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Right Writing News, August 5, 2008, Issue #34
August 05, 2008

Welcome to the 34th issue to subscribers of Right Writing News. If you are reading this issue forwarded from someone, be sure and use the link below to get your own free subscription.

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Table of Contents

1) You Can Make A Difference
By W. Terry Whalin

2) A Resource For Platform Building

3) Use Your Book For Leverage
By W. Terry Whalin

4) Why Is This October Book Ranked So High?
By W. Terry Whalin

5) Write, Publish and Sell Your Book

6) The Danger of A Single Focus
By W. Terry Whalin

7) Writing Powerful Endings
By Laura Backes

You Can Make A Difference

By W. Terry Whalin

In these days of unreturned phone calls and unanswered emails (yes it happens to me too), at times, it's easy to wonder if you are making a difference. If so, where are you making that difference in the lives of others? From my experience, it will take a conscious effort on your part.

Are you learning something new? It seems like every time I turn around I'm gaining some new bit of information. What are you doing to be a good steward of that information and pass it on to others?

For example, in my agency, someone contacted me with a 190K novel--which is over the top too long. Go to this entry and follow the links if you want to know more about the expected length of novel. Why is this important? Because if you have a mass of material coming your direction as an editor or agent (and we all do), then one of the quickest ways to sort things into the rejection pile is based on word count. A huge manuscript is going to take a tremendous amount of editorial work to get it to the right length if it is too long. Several months ago, I rejected a novel on the basis of word length. Today this novelist came back and said she had managed to trim her 190K novel into 120K would I now take a look? I was flattered that she had taken the time and energy to cut her story and maintain plot lines and other things (according to her note). Yet it was still too long in my view to capture my interest. From my experience anything over 110,000 words is going to struggle to find it's place of publication in the marketplace. So it's not a good use of my time as an agent--and I told her so.Thank you but still no thank you.

Then I got another submission addressed to my personal mailbox, and misspelling Literary in the name of my agency. Yet on the inside the submission began, "To Whom It May Concern" and also did not include a title for their proposed novel. I could have just returned my standard rejection letter but I made a point to call it to her attention so she could change it in the future.

I recently wrote about Mark Levine's book on the Fine Art of Self-Publishing. I have personal connections to two of the Print On Demand publishers in the "Publishers To Avoid" section of the book. I could have ignored it but I didn't.

Instead I brought the information to leaders in each of these two publishers. One publisher had moved from the recommended category to the avoid category and when I told her about it she said, "Why whatever it is, we will fix it." The other publisher made the opposite choice with the information saying, "We weren't fairly treated and this book doesn't know what they are talking about."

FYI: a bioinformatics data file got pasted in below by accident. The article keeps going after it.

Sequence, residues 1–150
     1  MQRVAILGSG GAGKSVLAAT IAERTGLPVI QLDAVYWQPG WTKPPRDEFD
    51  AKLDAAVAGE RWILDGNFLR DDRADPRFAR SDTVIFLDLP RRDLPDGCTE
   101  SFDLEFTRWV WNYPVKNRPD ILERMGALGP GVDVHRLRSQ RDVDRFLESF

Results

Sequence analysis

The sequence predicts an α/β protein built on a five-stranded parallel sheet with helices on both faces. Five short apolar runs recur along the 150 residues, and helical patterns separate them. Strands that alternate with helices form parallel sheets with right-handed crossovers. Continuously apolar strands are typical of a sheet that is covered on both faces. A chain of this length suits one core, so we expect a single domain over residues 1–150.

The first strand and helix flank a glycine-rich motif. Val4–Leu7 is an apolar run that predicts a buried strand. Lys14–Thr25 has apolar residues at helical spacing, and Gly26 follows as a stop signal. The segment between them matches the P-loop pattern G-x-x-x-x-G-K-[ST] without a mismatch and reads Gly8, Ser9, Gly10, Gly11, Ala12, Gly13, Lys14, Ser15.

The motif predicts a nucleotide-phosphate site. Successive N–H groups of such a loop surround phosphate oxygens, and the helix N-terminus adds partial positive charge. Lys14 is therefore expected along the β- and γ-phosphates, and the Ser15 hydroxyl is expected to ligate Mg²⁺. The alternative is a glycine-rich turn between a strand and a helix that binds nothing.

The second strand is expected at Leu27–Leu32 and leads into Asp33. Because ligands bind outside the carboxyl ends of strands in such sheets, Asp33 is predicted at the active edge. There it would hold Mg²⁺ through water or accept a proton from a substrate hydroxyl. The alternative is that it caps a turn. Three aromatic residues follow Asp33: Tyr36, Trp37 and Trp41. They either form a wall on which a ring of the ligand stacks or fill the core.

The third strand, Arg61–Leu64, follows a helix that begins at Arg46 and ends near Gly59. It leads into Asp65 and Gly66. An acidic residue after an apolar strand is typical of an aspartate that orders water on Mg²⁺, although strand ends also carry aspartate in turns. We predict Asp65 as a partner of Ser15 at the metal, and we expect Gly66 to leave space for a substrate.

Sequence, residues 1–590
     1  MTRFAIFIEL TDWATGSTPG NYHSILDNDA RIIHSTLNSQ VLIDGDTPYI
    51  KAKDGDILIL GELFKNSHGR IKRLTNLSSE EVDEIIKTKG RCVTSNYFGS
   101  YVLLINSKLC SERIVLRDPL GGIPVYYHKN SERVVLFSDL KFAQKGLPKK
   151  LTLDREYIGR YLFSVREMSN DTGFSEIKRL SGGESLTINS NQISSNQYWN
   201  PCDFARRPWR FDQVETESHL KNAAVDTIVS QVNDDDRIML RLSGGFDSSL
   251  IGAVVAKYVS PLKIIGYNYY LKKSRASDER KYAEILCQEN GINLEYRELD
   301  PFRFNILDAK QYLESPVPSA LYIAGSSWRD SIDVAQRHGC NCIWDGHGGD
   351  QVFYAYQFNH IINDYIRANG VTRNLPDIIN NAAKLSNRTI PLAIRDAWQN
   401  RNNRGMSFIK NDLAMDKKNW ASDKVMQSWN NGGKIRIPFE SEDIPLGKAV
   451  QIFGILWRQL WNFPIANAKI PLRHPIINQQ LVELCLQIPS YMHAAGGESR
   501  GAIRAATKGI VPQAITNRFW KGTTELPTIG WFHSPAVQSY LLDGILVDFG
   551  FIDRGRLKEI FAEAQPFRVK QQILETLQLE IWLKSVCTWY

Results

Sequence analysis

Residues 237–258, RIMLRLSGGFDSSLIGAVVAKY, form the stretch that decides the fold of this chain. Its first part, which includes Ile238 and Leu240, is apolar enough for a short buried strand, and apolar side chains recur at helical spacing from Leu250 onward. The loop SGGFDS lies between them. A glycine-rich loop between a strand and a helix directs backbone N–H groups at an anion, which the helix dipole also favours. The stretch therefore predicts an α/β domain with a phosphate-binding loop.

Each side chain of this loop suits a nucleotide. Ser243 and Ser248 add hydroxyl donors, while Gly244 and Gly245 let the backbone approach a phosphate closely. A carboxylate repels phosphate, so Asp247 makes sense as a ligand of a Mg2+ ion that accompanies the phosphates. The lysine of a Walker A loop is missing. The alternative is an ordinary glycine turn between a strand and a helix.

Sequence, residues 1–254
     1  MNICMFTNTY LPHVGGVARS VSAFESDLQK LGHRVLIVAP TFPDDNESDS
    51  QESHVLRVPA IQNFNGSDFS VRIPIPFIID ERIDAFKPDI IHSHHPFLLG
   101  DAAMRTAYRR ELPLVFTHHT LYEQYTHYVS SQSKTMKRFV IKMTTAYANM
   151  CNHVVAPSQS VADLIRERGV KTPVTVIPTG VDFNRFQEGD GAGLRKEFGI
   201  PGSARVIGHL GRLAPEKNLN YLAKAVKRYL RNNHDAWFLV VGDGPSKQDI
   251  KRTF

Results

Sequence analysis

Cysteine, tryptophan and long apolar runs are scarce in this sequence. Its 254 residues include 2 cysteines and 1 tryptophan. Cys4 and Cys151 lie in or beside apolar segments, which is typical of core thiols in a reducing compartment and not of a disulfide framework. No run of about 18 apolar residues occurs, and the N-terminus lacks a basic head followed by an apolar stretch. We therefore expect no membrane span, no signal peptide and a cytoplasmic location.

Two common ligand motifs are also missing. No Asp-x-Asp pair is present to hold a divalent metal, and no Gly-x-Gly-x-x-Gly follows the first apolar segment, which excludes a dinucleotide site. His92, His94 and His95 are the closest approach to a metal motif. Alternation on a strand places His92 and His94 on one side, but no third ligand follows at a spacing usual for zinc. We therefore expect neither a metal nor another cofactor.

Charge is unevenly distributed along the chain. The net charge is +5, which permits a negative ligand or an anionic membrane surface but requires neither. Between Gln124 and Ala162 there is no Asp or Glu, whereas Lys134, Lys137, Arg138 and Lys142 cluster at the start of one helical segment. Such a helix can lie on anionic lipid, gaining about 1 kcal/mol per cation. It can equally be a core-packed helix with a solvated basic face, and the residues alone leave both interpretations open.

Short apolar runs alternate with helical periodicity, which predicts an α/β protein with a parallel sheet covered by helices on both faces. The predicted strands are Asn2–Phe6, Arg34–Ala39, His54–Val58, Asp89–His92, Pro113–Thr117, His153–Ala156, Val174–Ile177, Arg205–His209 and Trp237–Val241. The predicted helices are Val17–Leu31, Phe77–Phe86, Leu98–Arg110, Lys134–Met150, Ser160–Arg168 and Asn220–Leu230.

Many years ago I learned that when you bring information to someone they have two choices. They can either resist and contend that you do not have the full picture, then make some excuse. Or they can make an effort to grow and learn from the situation. I try to take that latter road and grow as much as possible.

I continue to grow and improve. Recently I held a free teleseminar about book proposals at After the teleseminar, I changed the material into the replay mode--but the date remained on the front page (which is not supposed to happen). It could have thrown me off and stopped me from holding additional teleseminars. It hasn't. The date was also on the teleseminar I did with Andy McGuire (see the illustration).

I'm still going to be conducting more of these worldwide events. How do I know they are worldwide? The other night one of the callers on the phone was from Italy--a long ways from Scottsdale, Arizona. Note this teleseminar is now on replay mode. If you would like to hear it for free, simply fill out your first name and email address and write "no question" in the box and you will reach the replay page where you can download the full hour for your computer or iPod plus pick up the 90-page Ebook about book proposals

As you can see from this second illustration, my date problem has been resolved. Apparently I was missing a line of computer code some place and now my various teleseminars which are in replay are working.

My encouragement is for you to pass along the lessons that you are learning to others. You can make a difference in the lives of the people around you.

A Resource For Platform Building

The last time I wrote about platform, I received several vocal comments--especially from the fiction authors, who many times believe they don't need a platform. Yes, story is important but increasingly the better your platform, the more likely to sell your book.

In the last few days, I've read a new book from Stephanie Chandler called The Author's Guide to Building an Online Platform, Leveraging the Internet to Sell More Books. I just wrote a five star review for Amazon but wanted to also give you the insight from this review--then I have even more information from Stephanie Chandler. First my review:

Every writer has great dreams and aspirations of selling many copies of their published book. Stephanie Chandler gives you the real story about publishers. They can make beautiful well-crafted books but selling those books? That's a key responsibility for the author. THE AUTHOR'S GUIDE TO BUILDING AN ONLINE PLATFORM gives writers the critical tools to sell their books into the marketplace.

As Chandler writes at the bottom of the first page of Chapter 1: "The reality in the world of publishing is that without marketing, a book simply cannot be successful. And even if you have the biggest publishers on the planet behind you, it is unlikely that they will run your entire marketing campaign for you. You will still be required to do the majority of the work."